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Original article
Associations of CDH1 germline variant location and cancer phenotype in families with hereditary diffuse gastric cancer (HDGC)
  1. Winifred Lo1,
  2. Bin Zhu2,
  3. Arvind Sabesan1,
  4. Ho-Hsiang Wu2,
  5. Astin Powers3,
  6. Rebecca A Sorber1,4,
  7. Sarangan Ravichandran5,
  8. Ina Chen1,6,
  9. Lucas A McDuffie1,4,
  10. Humair S Quadri1,7,
  11. Joal D Beane1,4,
  12. Kathleen Calzone8,
  13. Markku M Miettinen3,
  14. Stephen M Hewitt9,
  15. Christopher Koh10,
  16. Theo Heller10,
  17. Sholom Wacholder2,
  18. Udo Rudloff1,11
  1. 1 Thoracic and Surgical Oncology Branch, National Cancer Institute, Bethesda, Maryland, USA
  2. 2 Biostatistics Branch, Division of Cancer Epidemiology and Genetics, National Cancer Institute, National Institute of Health, Bethesda, Maryland, USA
  3. 3 Laboratory of Pathology, Center for Cancer Research, National Cancer Institute, Bethesda, Maryland, USA
  4. 4 Department of Surgery, Indiana University School of Medicine, Indianapolis, Indiana, USA
  5. 5 Advanced Biomedical Computing Center, Frederick National Laboratory for Cancer Research, Frederick, Maryland, USA
  6. 6 Department of Surgery, Washington University School of Medicine, St. Louis, Missouri, USA
  7. 7 Department of Surgery, MedStar Georgetown University Hospital, Washington, District of Columbia, USA
  8. 8 Genetics Branch, Center for Cancer Research, National Cancer Institute, Bethesda, Maryland, USA
  9. 9 Experimental Pathology Laboratory, National Cancer Institute, Bethesda, Maryland, USA
  10. 10 Liver Diseases Branch, National Institute of Diabetes and Digestive and Kidney Diseases, Bethesda, Maryland, USA
  11. 11 Rare Tumor Initiative, Pediatric Oncology Branch, National Cancer Institute, Bethesda, Maryland, USA
  1. Correspondence to Dr Udo Rudloff, Center for Cancer Research, National Cancer Institute, Bethesda, MD 20892, USA; rudloffu{at}mail.nih.gov

Abstract

Introduction Hereditary diffuse gastric cancer (HDGC) is a cancer syndrome associated with variants in E-cadherin (CDH1), diffuse gastric cancer and lobular breast cancer. There is considerable heterogeneity in its clinical manifestations. This study aimed to determine associations between CDH1 germline variant status and clinical phenotypes of HDGC.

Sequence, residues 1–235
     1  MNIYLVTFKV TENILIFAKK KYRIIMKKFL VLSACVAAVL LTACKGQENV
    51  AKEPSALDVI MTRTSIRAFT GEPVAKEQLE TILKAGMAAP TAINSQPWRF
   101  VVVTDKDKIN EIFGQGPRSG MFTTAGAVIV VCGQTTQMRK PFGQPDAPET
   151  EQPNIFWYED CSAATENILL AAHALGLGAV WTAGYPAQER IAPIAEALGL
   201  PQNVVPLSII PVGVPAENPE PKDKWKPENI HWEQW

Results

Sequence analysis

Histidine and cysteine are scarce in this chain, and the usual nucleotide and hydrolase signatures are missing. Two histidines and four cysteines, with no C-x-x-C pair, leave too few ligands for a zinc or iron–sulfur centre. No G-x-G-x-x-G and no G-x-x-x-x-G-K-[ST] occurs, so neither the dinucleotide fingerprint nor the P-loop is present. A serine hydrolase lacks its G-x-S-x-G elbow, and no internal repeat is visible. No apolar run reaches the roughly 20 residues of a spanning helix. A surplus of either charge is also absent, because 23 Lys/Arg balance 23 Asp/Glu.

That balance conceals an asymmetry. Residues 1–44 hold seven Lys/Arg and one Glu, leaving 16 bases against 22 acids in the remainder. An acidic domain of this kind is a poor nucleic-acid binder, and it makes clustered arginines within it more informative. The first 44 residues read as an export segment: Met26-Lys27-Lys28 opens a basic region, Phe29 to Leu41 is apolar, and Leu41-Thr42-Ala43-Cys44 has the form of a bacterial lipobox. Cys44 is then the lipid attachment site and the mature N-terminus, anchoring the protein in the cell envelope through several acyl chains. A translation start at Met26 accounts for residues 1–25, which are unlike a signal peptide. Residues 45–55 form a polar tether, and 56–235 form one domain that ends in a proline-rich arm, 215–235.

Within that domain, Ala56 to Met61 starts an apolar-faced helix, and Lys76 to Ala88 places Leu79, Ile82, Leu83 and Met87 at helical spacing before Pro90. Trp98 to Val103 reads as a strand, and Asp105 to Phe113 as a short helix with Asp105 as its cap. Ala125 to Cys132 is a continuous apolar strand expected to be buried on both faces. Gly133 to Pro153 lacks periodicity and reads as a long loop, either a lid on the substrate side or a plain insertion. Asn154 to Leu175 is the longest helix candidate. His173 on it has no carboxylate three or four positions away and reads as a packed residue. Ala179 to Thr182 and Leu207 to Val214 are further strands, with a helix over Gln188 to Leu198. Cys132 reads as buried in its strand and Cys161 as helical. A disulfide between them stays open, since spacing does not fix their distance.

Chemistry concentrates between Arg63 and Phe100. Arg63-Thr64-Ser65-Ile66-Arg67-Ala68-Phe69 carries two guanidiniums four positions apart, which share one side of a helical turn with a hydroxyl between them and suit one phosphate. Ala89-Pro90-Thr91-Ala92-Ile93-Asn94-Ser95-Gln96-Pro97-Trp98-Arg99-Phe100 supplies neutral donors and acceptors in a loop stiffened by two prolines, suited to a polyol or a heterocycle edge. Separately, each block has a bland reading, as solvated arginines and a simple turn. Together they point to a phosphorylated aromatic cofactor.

Methods One hundred and fifty-two HDGC families, including six previously unreported families, were identified. CDH1 gene-specific guidelines released by the Clinical Genome Resource (ClinGen) CDH1 Variant Curation Expert Panel were applied for pathogenicity classification of truncating, missense and splice site CDH1 germline variants. We evaluated ORs between location of truncating variants of CDH1 and incidence of colorectal cancer, breast cancer and cancer at young age (gastric cancer at <40 or breast cancer <50 years of age).

Results Frequency of truncating germline CDH1 variants varied across functional domains of the E-cadherin receptor gene and was highest in linker (0.05785 counts/base pair; p=0.0111) and PRE regions (0.10000; p=0.0059). Families with truncating CDH1 germline variants located in the PRE-PRO region were six times more likely to have family members affected by colorectal cancer (OR 6.20, 95% CI 1.79 to 21.48; p=0.004) compared with germline variants in other regions. Variants in the intracellular E-cadherin region were protective for cancer at young age (OR 0.2, 95% CI 0.06 to 0.64; p=0.0071) and in the linker regions for breast cancer (OR 0.35, 95% CI 0.12 to 0.99; p=0.0493). Different CDH1 genotypes were associated with different intracellular signalling activation levels including different p-ERK, p-mTOR and β-catenin levels in early submucosal T1a lesions of HDGC families with different CDH1 variants.

Conclusion Type and location of CDH1 germline variants may help to identify families at increased risk for concomitant cancers that might benefit from individualised surveillance and intervention strategies.

  • cancer: gastric
  • clinical genetics
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Footnotes

  • WL, BZ and AS contributed equally.

  • Contributors BZ, SW and UR designed the study. WL, AS, RS, SR, IC, LM, HQ and JB performed the systematic review, identified the HDGC families and captured clinicopathological and genetic information. KC, CK, TH and UR were responsible for the familial gastric cancer registry and accuracy of genetic information of novel HDGC families included into the studies. SR conducted all molecular predictions, BZ and HW performed the statistical analysis. AP, MM and SH performed the pathology review, histopathological sectioning and immunostaining of T1a lesions. WL, BZ, AS, HW, SR and UR wrote the manuscript, which was approved by all authors.

  • Funding This work was supported by the intramural research program from the National Cancer Institute, National Institutes of Health, under contract HHSN261200800001E.

  • Disclaimer The content of this publication does not reflect the views of policies of the Department of Health and Human Services, nor does mention of trade names, commercial products, or organizations imply endorsement by the U.S. government.

  • Competing interests None declared.

  • Patient consent Not required.

  • Provenance and peer review Not commissioned; externally peer reviewed.

  • Data sharing statement Data are available upon reasonable request to the corresponding author.

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